- Views & Opinions
President Barack Obama on Nov. 6 rejected an application to build the Keystone XL pipeline. The decision after seven years of federal review.
The president declared the proposed project wouldn’t serve U.S. national interests and would have undercut America’s global leadership on climate change.
The 1,179-mile proposed pipeline wouldn’t have lowered U.S. gas prices, Obama said, nor would it have contributed to U.S. jobs long-term or make the U.S. less dependent on foreign energy.
Flanked by Vice President Joe Biden and Secretary of State John Kerry, Obama also said the proposed project had taken on an “overinflated role” in U.S. political discourse and had been used as a “campaign cudgel” by supporters and opponents alike.
Killing the pipeline allows Obama to claim aggressive action on the environment.
Yet it also puts the president in a direct confrontation with Republicans and energy advocates that will almost surely spill over into the 2016 presidential election.
“This pipeline would neither be a silver bullet for the economy, as was promised by some, nor the express lane to climate disaster proclaimed by others,” Obama said at the White House.
Obama also noted that he would travel to Paris in a few weeks to meet with world leaders at an international climate summit. The leaders are expected to finalize a major global climate pact that Obama hopes will be a crowning jewel for his environmental legacy.
After hearing the news, 350.org co-founder Bill McKibben said, “President Obama is the first world leader to reject a project because of its effect on the climate. That gives him new stature as an environmental leader, and it eloquently confirms the five years and millions of hours of work that people of every kind put into this fight. We’re well aware that the next president could undo all this, but this is a day of celebration.”
350.org executive director May Boeve added, “This is a big win. President Obama’s decision to reject Keystone XL because of its impact on the climate is nothing short of historic — and sets an important precedent that should send shockwaves through the fossil fuel industry.”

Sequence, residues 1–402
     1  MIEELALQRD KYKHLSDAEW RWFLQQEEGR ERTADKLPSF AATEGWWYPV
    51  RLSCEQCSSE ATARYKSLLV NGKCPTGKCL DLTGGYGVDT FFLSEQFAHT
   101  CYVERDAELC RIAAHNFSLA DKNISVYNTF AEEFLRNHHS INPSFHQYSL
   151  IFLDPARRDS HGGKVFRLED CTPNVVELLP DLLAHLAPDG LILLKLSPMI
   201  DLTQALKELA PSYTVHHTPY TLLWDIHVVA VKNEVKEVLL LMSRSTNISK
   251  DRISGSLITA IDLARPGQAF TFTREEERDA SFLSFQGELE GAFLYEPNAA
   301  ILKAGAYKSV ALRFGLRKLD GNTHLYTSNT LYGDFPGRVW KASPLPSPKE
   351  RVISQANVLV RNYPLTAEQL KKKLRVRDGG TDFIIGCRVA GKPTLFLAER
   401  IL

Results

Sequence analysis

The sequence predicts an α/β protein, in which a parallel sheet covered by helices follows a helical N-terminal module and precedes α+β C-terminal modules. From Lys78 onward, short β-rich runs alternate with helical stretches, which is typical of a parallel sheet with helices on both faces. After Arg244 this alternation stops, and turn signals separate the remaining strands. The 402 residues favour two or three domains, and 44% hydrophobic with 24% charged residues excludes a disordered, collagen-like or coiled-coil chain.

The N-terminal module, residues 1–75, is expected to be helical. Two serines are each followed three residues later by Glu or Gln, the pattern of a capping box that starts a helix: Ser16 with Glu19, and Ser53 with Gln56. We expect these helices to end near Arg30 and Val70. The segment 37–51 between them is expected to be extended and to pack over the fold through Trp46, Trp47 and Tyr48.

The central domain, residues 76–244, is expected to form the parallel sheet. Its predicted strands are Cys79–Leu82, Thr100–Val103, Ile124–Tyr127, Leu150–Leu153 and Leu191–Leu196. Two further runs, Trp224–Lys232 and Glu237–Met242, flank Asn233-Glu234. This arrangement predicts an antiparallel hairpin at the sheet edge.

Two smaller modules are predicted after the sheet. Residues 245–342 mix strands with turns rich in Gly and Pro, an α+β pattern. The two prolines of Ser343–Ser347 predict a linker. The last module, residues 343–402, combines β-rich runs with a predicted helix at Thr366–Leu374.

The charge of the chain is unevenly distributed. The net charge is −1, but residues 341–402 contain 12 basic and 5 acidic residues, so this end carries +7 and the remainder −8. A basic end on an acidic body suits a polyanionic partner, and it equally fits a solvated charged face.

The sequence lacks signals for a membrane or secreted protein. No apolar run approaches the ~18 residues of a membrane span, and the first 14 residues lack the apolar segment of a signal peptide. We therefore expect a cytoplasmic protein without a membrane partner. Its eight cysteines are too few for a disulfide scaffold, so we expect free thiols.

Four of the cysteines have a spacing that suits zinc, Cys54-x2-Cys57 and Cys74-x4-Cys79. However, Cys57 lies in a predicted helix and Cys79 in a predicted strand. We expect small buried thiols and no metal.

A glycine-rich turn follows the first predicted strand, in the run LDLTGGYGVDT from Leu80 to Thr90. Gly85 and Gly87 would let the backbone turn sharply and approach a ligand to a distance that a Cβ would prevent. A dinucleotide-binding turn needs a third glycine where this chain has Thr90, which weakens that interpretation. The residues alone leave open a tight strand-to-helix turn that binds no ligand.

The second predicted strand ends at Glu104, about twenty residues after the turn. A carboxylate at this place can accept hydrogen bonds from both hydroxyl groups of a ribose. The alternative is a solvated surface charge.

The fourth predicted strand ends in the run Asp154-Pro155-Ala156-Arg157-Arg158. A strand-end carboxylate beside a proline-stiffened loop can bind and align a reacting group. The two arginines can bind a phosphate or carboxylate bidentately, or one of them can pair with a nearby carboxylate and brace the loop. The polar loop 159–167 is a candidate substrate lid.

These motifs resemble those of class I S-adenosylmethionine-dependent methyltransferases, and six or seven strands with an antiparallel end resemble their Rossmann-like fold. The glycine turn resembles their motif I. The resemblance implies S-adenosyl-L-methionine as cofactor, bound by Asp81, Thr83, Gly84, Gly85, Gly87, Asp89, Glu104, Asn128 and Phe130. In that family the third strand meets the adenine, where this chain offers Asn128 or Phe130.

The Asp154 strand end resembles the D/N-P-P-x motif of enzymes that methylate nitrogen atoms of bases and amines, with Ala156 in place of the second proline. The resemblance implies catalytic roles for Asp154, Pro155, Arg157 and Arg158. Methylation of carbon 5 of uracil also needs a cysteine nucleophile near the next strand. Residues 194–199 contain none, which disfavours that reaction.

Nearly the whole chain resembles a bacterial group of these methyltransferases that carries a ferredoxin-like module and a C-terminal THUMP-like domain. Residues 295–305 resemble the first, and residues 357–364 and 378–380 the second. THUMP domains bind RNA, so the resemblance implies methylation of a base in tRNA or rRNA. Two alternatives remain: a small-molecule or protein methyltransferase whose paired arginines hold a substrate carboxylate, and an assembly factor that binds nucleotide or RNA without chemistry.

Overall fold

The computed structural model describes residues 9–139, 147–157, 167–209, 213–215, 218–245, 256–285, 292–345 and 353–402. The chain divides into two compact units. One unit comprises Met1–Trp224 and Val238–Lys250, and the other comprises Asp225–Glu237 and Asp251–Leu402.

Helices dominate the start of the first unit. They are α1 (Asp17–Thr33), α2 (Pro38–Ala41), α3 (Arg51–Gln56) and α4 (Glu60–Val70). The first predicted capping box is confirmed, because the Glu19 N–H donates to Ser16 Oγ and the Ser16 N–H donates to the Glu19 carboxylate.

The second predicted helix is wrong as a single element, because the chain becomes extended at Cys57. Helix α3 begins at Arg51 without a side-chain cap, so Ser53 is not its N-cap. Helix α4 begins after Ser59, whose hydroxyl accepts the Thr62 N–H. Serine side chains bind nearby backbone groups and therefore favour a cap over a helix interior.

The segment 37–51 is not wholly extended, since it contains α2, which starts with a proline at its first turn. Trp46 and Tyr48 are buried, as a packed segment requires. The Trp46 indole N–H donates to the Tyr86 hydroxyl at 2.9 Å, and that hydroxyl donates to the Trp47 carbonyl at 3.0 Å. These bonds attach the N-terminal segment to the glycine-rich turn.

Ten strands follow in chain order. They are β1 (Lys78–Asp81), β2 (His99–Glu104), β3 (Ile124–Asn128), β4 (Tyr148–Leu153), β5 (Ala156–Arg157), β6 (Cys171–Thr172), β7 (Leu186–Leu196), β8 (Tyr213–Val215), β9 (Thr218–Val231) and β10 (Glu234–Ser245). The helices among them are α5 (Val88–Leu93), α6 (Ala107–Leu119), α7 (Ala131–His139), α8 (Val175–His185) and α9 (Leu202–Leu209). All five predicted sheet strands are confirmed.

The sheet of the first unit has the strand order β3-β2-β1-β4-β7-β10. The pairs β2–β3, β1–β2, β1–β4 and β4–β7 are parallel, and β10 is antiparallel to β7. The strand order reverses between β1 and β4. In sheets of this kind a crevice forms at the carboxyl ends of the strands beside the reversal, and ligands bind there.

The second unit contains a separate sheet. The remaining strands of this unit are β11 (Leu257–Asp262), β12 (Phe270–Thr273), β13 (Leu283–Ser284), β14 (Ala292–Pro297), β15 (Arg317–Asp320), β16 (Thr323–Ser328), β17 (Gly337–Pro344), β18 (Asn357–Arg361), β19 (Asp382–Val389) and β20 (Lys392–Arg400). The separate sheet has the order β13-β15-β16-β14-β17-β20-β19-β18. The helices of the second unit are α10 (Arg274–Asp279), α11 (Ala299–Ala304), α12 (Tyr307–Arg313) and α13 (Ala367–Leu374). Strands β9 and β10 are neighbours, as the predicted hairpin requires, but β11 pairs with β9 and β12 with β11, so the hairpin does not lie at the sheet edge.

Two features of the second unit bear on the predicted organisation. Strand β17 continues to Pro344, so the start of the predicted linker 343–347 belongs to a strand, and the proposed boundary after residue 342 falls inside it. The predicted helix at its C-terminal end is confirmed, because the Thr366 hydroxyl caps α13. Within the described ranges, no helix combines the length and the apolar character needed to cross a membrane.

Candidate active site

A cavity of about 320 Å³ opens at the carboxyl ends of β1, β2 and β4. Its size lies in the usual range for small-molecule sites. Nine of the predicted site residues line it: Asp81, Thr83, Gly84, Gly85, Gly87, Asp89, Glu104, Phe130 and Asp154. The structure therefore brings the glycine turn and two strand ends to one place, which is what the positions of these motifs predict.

Stephen Kretzmann, executive director, Oil Change International said, “Over two years ago, the President spoke at Georgetown University and laid out a simple but powerful criteria for evaluating policies and projects. If it makes climate change worse, it is not in the national interest. Obama’s Presidential Climate Test is now the new gold standard for evaluating energy policy and we thank him for designing and applying it.
“The rejection of the Keystone XL pipeline on climate grounds is truly a lasting and fitting legacy for President Obama that future generations will rightfully see as a turning point in the struggle against dirty energy, corporate greed and for a safe climate.”
In Nebraska, where TransCanada is working to seize by eminent domain property for the pipeline, Jane Kleeb of Bold Nebraska said, “We stood our ground and today President Obama stood with us, the pipeline fighters. Tonight landowners can finally go to sleep knowing their family is safe and sound. Our unlikely alliance showed America that hard work and scientific facts can beat Big Oil’s threat to our land and water.”
Randy Thompson, a Nebraska rancher, said, called the president’s decision courageous and historic. He said Obama “did what was right in the face of a totally misguided and unrelenting effort by the Republican party and Big Oil to shove this pipeline down our throats. History will defend President Obama and our descendants will forever be indebted to him.”
Rhea Suh, president of the Natural Resources Defense Council said, “Rejecting the Keystone XL tar sands pipeline is right for our nation, for our children and for our planet. It would have locked in, for a generation or more, massive development of among the dirtiest fuels on the planet – posing a serious threat to our air, land water, and climate. The proposal, pushed largely by the fossil fuel industry, was a recipe for disaster. In no way was the pipeline in America’s national interest.
“Dangerous climate change is the central environmental challenge of our time, and it’s time for everyone to step up now and meet that challenge.”
“The KO for Keystone is a win for birds and the rest of us,” said National Audubon Society president and CEO David Yarnold. “America’s Sandhill Cranes and other wildlife that were threatened by the pipeline can’t vote, so we’re popping some corks for them today.”